Car maintenance the right way, part 1: Avoiding unnecessary work

Consumer Reports News: September 22, 2010 10:22 AM

Blindly letting a mechanic perform maintenance on your car or truck can easily leave you overpaying. A recent case involving one of our staffers is a good illustration.

The staffer brought his 2005 Sienna minivan to a Toyota dealership for 60,000-mile service and ended up paying much more than he should have.

The Toyota service manual recommended only an oil change, tire rotation, and replacing the engine and cabin air filters (along with the usual litany of items to inspect, including brakes, fuel lines, gas cap gasket, steering gear box, and so on.)

We did some research and found that he could have paid around $150 for the entire job, about two thirds of that if he did most of the work himself. Instead, the bill came to $382.

Why? The dealer performed unnecessary procedures or replicated work it had done recently.

One big mistake our staffer made was not asking in advance for the list of work that would be done. Here are some examples of why his bill was unreasonably high. (In most cases, the listed prices are for parts only and don’t include the additional charge for labor.)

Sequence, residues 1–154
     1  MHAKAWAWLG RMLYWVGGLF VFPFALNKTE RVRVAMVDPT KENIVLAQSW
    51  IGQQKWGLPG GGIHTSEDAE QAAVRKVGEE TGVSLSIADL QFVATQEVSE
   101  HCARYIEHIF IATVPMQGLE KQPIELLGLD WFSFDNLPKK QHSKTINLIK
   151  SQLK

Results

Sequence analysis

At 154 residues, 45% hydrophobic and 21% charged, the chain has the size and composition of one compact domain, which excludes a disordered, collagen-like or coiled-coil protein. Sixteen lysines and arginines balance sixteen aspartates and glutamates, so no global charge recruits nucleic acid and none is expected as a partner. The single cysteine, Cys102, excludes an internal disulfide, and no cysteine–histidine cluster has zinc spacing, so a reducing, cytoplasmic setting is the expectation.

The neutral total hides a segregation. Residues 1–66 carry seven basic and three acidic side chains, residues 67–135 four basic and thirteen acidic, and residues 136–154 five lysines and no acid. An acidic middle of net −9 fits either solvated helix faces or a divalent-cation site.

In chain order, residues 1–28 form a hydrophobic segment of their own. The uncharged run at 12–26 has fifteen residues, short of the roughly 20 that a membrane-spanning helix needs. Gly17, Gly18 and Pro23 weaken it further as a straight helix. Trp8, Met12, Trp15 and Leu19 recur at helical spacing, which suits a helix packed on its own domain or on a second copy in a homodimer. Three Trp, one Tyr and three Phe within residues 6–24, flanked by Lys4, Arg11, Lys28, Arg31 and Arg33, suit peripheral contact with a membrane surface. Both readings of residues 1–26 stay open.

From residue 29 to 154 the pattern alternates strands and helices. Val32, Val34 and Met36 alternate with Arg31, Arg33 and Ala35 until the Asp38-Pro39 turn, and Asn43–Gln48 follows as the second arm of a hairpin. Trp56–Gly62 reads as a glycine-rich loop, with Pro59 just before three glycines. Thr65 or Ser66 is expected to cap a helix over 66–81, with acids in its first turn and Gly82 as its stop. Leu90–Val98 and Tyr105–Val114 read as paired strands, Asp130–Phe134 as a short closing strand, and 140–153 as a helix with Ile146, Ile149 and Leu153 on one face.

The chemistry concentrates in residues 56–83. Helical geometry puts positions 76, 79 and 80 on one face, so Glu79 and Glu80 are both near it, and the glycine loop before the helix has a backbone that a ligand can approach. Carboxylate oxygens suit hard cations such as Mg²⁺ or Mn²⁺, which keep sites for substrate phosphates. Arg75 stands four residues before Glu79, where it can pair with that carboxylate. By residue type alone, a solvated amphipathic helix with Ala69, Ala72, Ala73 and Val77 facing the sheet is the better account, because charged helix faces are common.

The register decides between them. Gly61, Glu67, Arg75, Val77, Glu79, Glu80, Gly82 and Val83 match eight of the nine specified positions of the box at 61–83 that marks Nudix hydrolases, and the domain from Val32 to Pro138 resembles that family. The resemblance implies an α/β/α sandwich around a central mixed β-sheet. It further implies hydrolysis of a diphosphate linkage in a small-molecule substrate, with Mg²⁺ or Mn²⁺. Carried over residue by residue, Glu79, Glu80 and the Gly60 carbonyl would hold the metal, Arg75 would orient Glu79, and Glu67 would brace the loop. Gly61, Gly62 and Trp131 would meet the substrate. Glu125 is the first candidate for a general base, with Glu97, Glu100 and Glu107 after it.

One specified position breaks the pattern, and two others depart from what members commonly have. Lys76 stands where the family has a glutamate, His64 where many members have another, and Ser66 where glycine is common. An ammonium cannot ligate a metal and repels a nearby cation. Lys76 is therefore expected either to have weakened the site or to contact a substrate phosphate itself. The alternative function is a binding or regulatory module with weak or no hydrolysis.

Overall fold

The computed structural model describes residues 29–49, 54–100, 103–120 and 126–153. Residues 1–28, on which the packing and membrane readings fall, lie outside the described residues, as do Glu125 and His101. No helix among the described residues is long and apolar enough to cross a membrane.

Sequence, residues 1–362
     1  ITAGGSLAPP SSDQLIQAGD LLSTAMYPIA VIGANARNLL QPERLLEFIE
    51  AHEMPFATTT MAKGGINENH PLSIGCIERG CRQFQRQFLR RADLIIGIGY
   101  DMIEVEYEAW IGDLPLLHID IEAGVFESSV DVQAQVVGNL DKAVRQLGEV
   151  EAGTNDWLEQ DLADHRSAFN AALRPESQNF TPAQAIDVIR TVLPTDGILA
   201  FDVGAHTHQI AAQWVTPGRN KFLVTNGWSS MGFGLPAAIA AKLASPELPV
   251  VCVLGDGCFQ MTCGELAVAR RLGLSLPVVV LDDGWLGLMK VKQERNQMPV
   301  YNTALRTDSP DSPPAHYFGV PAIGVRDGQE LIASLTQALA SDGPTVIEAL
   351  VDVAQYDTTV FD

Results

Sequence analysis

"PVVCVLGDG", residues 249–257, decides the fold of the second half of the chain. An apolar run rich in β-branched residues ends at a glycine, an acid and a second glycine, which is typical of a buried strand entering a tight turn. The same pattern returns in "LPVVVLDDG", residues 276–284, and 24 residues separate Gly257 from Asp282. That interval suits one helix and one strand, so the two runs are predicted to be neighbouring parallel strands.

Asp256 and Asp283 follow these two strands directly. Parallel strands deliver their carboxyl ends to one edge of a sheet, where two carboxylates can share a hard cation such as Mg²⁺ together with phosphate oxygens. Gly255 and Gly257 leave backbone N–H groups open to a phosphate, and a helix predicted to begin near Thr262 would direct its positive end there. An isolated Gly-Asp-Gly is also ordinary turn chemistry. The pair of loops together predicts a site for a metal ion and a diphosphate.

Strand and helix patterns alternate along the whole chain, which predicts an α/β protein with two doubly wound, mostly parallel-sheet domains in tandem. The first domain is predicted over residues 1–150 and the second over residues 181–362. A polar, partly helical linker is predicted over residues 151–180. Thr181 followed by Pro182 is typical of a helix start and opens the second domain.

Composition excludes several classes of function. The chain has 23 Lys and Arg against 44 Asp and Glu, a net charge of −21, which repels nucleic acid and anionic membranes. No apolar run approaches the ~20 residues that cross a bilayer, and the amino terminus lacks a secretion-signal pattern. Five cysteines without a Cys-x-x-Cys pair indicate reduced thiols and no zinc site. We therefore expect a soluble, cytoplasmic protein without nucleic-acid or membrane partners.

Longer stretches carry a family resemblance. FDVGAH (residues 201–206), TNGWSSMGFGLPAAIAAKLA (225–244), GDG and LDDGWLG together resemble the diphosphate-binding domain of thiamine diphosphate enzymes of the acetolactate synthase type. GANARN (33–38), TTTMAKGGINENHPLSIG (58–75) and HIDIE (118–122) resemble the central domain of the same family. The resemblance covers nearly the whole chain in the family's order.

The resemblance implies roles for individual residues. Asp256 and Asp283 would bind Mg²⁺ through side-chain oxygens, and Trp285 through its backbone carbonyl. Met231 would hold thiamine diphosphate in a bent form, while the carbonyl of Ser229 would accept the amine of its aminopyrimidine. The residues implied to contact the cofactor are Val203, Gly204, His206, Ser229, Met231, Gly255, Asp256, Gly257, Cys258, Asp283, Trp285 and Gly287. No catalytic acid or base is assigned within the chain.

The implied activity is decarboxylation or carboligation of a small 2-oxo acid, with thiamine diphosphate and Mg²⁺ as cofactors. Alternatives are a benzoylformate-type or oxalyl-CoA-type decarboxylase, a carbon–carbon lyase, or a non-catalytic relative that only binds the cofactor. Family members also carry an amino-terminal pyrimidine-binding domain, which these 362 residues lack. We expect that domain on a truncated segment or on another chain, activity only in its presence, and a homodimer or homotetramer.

• Replacing the cabin air filter. $26.95. The same dealer had replaced the filter a year earlier. It's task that needs to be done only every 30,000 miles or 3 years, according to Toyota. And it’s an easy do-it-yourself job. Incidentally, we found the filter online for $17.46, including shipping.

• Replacing windshield wipers. $24.90. The staffer had replaced the wipers about six months earlier for about $10 at Walmart.

• Rotating and rebalancing the tires. We don’t know how much the dealer charged for this because it was included in the labor cost. But the same dealer rotated and rebalanced those very tires three months earlier and two months before that. Also, the tires were worn out. The staffer replaced them less than two months later

• Replacing  spark plugs. $26.95.  Toyota doesn’t recommend this for another 60,000 miles.

• Replacing the transmission fluid. $22.78  Toyota doesn’t ever recommend changing the transmission fluid under normal driving conditions.

• Flushing and refilling the coolant, included in the labor charge. This service wasn’t needed for another 40,000 miles.

• Replacing PCV valve. $8.95. This item, which we found online for $6.35, doesn’t ever need to be replaced under the Toyota recommended service.

In our next Consumer Reports Money blog, we'll tell you how to deal with the shop to ensure you're not overpaying.—Anthony Giorgianni


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